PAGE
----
Countless U.S. families will be devastated with food stamp cuts
Benefits will be trimmed by $5 billion starting today, leaving many families in the lurch
For millions of American families, their way of life will be disrupted, leaving them to scramble for alternative methods to put food on the table. Food stamp benefits will be trimmed by $5 billion starting today, leaving many homes short.
Some 47.6 million people, or nearly 15 percent of the population receive food stamps, according to September federal data. That compares to 26.3 million, or 8.7 percent of the population, in 2007. The average benefit per person is $133.19 a month.
Food stamp-dependent households strain under very tight budgets as it is. For 54-year-old Hugh Sewell, on food stamps for two years, he receives the maximum allowed for his family of three: $526 a month. Those benefits will likely be cut by $29 to $497, according to the U.S. Department of Agriculture.
Sewell finds himself in a precariously unique situation. He landed a job as an audio technician last month, which paid $12 an hour, far less than the $25 he used to make before he was laid off. He asked his current employer to lower his wages to $9 an hour instead. Why?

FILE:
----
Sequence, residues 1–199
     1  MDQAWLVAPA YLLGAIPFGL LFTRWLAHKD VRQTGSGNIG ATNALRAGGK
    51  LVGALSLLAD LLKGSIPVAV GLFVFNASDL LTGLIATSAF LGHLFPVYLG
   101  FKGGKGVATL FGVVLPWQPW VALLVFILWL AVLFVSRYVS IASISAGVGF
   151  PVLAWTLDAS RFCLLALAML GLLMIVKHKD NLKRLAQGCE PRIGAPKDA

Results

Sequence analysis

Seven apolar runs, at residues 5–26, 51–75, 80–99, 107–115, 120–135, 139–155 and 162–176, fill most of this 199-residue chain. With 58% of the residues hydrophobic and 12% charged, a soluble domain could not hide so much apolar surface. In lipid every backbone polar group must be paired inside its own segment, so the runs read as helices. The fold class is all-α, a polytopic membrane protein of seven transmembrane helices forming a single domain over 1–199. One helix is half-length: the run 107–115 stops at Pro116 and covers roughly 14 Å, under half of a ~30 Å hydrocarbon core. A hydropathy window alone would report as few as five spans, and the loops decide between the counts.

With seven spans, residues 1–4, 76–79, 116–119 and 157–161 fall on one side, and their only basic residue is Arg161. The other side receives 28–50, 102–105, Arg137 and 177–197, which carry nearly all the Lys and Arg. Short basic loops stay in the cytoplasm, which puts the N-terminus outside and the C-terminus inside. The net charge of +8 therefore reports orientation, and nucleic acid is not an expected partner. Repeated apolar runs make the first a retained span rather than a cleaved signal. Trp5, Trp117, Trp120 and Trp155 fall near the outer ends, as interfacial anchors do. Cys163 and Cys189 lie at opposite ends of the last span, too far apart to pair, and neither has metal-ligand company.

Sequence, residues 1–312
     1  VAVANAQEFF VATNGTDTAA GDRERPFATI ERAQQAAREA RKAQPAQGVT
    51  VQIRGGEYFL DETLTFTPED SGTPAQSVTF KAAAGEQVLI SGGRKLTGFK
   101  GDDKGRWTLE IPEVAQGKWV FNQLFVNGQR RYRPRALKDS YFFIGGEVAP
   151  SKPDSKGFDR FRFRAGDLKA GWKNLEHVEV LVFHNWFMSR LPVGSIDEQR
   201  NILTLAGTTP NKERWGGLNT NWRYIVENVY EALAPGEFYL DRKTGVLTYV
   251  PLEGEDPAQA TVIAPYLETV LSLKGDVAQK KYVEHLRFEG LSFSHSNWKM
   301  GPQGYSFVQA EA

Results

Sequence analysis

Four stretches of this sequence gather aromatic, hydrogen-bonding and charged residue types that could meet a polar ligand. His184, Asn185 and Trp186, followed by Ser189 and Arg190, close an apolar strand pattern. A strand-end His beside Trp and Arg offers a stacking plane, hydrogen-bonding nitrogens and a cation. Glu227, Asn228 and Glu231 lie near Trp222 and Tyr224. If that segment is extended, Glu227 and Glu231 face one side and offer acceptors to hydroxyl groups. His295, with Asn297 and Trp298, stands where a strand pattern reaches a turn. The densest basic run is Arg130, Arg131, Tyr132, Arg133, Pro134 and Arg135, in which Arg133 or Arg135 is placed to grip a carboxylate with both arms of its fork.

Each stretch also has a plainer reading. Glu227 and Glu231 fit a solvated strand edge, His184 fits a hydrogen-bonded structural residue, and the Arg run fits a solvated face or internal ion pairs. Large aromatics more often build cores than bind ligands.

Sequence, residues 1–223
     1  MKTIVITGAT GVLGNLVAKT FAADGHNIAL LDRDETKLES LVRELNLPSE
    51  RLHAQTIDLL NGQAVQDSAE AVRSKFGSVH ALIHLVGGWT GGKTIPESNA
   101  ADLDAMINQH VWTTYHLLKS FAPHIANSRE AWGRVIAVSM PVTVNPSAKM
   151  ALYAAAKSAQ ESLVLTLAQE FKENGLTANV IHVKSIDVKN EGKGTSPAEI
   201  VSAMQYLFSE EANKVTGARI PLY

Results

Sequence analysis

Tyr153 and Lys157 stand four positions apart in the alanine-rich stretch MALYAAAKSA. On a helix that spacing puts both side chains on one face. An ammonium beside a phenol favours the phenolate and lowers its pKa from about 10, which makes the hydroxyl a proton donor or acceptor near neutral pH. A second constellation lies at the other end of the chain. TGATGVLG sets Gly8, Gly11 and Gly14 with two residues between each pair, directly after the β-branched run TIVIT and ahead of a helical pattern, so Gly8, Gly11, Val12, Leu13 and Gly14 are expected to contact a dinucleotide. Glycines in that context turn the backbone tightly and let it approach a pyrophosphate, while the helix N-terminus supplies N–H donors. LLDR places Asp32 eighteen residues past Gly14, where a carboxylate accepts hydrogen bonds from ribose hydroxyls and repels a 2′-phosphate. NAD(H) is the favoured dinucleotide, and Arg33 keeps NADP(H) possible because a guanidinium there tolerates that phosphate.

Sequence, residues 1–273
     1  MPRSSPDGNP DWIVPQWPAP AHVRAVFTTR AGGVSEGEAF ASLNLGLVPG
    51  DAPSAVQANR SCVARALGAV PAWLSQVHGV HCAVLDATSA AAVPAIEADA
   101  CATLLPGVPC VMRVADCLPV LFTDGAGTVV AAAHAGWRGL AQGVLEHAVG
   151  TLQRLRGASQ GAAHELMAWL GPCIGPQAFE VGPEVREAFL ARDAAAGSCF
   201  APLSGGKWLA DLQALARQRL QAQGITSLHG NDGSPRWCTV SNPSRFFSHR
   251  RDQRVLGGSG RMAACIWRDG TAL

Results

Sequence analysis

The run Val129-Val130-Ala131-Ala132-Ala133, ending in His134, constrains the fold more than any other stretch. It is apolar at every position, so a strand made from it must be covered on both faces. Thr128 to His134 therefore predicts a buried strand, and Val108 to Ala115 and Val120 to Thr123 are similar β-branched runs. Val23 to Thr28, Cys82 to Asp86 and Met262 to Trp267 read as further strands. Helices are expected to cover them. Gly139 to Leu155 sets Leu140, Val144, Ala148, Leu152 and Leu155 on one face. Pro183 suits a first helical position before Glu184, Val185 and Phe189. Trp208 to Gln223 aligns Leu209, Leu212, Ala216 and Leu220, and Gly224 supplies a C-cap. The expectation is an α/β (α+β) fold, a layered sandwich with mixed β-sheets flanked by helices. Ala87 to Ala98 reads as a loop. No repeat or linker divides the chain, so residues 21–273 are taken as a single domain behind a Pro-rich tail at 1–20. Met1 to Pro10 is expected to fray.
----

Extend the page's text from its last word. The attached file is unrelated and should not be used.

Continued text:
Sewell found out that his $12 an hour was just enough to cause a reduction in his government benefits, and could cost him and his family its Medicaid coverage for health care. His income from the $12 an hour job would not be enough to pay his bills, including the $900 a month he has to pay for health insurance for his family.
The first time his family got food stamps after he lost his job in 2010, they went through the allotment halfway through the month. The Sewells began making detailed budgets, meal plans and shopping lists.
"We buy a lot of beans, rice and potatoes," Sewell says. "Towards the end of the month, you're eating all the box stuff, and a lot more pasta with sauce."
Sewell now hopes to find a job that pays enough to allow his family to get off government assistance.
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